Listening to that boy's yelp
I had been thinking about liminal spaces
The snow creates a new order
Erasing paint on the streets
Eroding the rule of laws normally obeyed with diligence
A cab driver turned left on a red arrow, though there were five other cars--all of us watching him
But who was there to enforce that red arrow?
And after all, maybe the snow had shorted the system
The light was taking a long time to switch
And no one was coming anyway
Under different circumstances, maybe,
The cabby would've waited his turn, frustrated, but still
But the cold blanket of white
Creeping, finger-like
Waves of smoke on the streets
Transform us all a little
No one is about
No one will see this minor traffic transgression
And even if...
Who would argue
The roads are scary, ice-covered
Slick with frozen mud
The white and the dark, dark brown
Cover everything
All of human history--easy to forget--so painful
We rejoice in the snow
We stop remembering why the rules exist
In the first place
We want to
And we will go back--we know we will go back
To the rules tomorrow or at the very latest on Saturday
But today
Feel free to yelp in the parking lot of the supermarket
I, myself, ran a red light just a few hours ago

23 December 2006

Breaking News from Colorado Springs

So I get into Colorado Springs on Thursday Morning and the roads are closed. I also had to pick up my sister from the same airport at 11:00p, and since I couldn't get to the house (30 minutes away from the airport) because of the closed roads, I ended up stranded in Colorado Springs (quite similar to Tallahassee in its own way) for twelve hours.
So I went to the movies. Of course, they only have a giant multiplex here with crapola Hollywood fare. I refuse to see The Nativity Story, and I had already seen Happyness, Eragon and Apocalypto, so I bought myself a ticket to Borat: Cultural Learnings of America for Make Benefit Glorious Nation of Kazakhstan. I found it both imaginative and stupid. I have to say that i thought it was one of the funniest things I'd seen in a long time. It is unmistakeably American in its sensibilities and its humor (nude men wrestling is really funny to us). But for some reason I found the scatological laughs to be freshly conceptualized and well done. It's tasteless and silly and ridiculous. It's also clever, pointed and rather scathing toward the American heartland. I've said before that I think Americans are sort of an easy target, and making fun of people who still support George W. Bush is the simplest thing in the world and nothing new under the sun, but Borat points its lens at the belief systems of these people and their beliefs come off not only as "dumb back-woods American" beliefs, but also as horrifyingly simple-minded. What Borat does successfully is paint a picture of a nation that could have voted for George W. Bush. The people in this movie are the people who kept this man in office for this long. And when you come down to it, while Borat is probably one of the funniest movies I've seen all year, it's also a rather shocking document of this country.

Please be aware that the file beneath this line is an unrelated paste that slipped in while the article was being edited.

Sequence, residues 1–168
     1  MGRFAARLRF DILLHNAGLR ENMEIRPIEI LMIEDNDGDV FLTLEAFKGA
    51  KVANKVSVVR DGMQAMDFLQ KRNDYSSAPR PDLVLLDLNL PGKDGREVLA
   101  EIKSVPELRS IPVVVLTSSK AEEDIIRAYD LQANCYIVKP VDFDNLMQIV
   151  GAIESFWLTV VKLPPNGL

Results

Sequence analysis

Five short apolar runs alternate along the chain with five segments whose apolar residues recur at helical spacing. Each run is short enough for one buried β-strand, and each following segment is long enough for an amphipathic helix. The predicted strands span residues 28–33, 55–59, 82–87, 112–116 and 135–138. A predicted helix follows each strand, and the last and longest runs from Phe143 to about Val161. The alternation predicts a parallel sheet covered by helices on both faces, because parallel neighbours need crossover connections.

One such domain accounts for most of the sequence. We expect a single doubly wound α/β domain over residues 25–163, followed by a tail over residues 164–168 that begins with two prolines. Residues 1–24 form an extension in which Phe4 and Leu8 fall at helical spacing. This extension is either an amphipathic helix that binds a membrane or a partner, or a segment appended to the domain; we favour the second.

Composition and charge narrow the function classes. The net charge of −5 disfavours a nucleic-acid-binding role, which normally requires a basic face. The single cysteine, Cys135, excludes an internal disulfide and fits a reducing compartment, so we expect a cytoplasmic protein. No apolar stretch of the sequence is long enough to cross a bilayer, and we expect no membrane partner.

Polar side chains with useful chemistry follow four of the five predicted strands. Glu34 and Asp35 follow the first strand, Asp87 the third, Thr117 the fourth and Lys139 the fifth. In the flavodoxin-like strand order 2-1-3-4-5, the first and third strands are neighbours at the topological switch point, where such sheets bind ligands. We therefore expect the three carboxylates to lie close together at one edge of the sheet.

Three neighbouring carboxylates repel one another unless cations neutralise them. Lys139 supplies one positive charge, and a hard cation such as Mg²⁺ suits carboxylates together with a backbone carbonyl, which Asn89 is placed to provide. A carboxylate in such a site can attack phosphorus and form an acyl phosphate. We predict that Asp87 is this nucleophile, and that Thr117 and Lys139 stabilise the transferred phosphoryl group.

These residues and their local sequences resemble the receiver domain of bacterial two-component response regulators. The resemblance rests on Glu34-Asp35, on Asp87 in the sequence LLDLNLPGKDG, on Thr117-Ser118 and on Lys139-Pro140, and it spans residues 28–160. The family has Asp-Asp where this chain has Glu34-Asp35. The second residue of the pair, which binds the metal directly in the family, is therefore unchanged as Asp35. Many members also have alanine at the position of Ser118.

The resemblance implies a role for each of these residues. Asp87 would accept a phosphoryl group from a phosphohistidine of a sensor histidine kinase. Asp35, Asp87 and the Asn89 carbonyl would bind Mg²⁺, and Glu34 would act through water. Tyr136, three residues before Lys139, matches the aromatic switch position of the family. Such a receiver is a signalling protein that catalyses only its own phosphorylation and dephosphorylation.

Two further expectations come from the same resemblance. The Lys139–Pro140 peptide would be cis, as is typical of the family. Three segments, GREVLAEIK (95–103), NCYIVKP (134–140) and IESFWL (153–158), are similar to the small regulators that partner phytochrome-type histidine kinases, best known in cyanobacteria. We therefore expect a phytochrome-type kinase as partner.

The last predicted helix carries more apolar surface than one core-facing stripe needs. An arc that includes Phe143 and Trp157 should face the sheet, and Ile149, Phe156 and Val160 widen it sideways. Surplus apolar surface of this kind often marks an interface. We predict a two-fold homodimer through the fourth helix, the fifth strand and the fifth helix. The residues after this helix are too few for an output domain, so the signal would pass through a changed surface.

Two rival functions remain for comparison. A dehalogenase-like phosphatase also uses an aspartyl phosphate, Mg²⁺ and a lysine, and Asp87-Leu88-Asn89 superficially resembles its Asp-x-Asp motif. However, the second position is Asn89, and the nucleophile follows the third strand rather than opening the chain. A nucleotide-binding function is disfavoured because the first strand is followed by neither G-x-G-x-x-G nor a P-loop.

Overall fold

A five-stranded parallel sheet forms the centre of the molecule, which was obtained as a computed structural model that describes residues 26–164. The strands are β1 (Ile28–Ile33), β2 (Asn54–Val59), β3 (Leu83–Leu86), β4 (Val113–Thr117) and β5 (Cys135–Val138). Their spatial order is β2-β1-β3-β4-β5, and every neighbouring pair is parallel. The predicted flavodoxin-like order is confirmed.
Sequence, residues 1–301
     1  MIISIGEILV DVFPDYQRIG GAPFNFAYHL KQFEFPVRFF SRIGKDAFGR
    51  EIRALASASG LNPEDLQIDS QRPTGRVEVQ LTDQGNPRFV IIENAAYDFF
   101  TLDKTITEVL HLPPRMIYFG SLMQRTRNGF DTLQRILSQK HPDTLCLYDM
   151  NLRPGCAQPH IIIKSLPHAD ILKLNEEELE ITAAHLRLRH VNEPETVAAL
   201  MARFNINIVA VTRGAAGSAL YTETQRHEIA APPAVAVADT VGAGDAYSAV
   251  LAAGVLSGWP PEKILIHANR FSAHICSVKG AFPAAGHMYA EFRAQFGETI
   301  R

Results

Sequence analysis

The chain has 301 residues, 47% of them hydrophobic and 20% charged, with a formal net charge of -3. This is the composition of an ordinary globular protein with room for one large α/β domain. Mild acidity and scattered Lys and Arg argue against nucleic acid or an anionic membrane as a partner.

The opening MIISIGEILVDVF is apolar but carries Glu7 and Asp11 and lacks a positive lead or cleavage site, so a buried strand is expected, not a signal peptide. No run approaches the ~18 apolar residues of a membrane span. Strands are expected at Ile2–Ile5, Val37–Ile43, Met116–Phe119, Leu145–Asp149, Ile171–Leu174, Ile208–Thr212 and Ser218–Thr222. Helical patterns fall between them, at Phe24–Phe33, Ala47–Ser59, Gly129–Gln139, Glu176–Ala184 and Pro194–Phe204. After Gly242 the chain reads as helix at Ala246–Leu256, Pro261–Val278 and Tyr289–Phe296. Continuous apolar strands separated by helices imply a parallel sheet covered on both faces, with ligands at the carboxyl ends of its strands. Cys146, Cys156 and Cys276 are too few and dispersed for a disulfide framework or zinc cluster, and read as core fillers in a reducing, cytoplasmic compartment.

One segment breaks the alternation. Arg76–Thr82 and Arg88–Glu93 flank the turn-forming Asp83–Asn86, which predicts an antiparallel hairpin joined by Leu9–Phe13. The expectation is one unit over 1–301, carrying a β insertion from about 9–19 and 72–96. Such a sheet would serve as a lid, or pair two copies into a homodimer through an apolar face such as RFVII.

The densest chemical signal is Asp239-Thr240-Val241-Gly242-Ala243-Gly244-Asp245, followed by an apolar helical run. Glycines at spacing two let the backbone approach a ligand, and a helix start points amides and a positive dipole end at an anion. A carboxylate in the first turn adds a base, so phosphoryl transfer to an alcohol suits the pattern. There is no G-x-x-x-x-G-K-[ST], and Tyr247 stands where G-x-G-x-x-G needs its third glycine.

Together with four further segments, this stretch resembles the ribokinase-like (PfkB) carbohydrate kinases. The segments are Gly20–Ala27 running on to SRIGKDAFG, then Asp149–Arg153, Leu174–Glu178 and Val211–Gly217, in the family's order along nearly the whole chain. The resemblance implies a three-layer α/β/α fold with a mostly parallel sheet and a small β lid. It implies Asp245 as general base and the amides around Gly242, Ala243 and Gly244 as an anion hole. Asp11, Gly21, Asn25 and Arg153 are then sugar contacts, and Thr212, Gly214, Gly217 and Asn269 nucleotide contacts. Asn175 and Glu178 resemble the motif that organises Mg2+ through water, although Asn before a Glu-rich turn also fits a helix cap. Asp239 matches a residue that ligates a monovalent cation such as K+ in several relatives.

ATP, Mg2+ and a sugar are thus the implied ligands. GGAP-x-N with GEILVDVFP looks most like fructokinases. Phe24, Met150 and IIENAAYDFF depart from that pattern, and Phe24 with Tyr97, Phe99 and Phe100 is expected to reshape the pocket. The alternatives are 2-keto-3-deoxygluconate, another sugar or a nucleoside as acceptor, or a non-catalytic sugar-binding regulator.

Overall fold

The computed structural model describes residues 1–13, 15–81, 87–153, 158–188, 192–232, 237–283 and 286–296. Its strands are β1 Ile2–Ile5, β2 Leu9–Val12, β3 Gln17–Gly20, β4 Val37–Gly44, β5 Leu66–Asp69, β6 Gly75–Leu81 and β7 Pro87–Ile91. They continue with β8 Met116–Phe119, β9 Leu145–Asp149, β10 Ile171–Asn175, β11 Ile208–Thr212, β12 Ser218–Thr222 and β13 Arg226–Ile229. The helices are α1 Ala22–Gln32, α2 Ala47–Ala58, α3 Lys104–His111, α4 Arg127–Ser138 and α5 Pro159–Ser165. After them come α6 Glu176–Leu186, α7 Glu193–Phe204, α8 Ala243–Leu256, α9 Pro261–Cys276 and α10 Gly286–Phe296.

20 December 2006

Two More Before I'm Off to Colorado

If you're paying attention (or not) during Gabriele Muccino's new movie The Pursuit of Happyness you'll figure out that money can, indeed, buy you happiness, or if not happiness, at least happyness. Sorry. I couldn't resist. Seriously, this movie, which is very heartwarming and kinda sweet but also very short on substance is the biggest piece of capitalist ideology I've seen in a really long time. It seems like innocuous Hollywood bullshit but don't believe it. The Pursuit of Happyness is really a giant load of American propaganda that preaches the old song that if you work hard in Reagan's economy you too, yes you can make it. And by make it, Happyness means make money. In fact, money solves all problems. And if you fuck up as a dad, don't worry, your kids will forgive you once you score that choice internship at Dean Whitter and start making tons of money, because all of those stockbroker dads on Wall Street, they have amazing relationships with their sons. In fact, everyone's happy there. The film actually says this in voice over. I'm not even joking.
Will smith is really good in the film and will definitely get an Oscar nomination. His little son is freaking adorable, too. So that scores points. The last Gabriele Muccino movie I saw was L'Ultimo Bacio, which was remade this year into The Last Kiss. I loved L'Ultimo Bacio, so I'm a little sad that Happyness isn't a better movie than it is, but feel free to skip this one.

Go rent Monster House instead. It's totally unique and crazy and the fat kid is the hero. It's really great as animated pictures go. There's a fucking house that eats people. What more do you want from an animated movie?


Has everyone heard of Alfred Hitchcock's 1948 film Rope? It's a milestone for several reasons.
It's the first film Hitch made in color.
It also has (not so?) latent homosexuality as an undertone of the film. Definitely a curiosity in 1948.